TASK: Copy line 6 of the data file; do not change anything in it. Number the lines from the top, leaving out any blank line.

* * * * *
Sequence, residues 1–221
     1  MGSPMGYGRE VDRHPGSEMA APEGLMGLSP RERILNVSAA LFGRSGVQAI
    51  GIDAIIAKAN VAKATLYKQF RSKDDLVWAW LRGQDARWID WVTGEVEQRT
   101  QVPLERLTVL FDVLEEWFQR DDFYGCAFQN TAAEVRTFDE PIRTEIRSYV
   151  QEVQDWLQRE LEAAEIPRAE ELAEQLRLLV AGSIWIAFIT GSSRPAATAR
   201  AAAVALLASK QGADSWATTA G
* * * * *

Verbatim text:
   201  AAAVALLASK QGADSWATTA G